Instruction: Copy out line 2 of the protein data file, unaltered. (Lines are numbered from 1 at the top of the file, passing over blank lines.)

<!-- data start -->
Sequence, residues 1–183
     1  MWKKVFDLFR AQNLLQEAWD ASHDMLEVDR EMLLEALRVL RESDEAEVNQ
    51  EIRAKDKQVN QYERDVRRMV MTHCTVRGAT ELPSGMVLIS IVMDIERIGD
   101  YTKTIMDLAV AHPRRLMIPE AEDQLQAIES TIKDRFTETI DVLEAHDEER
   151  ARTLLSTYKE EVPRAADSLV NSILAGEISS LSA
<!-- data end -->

     1  MWKKVFDLFR AQNLLQEAWD ASHDMLEVDR EMLLEALRVL RESDEAEVNQ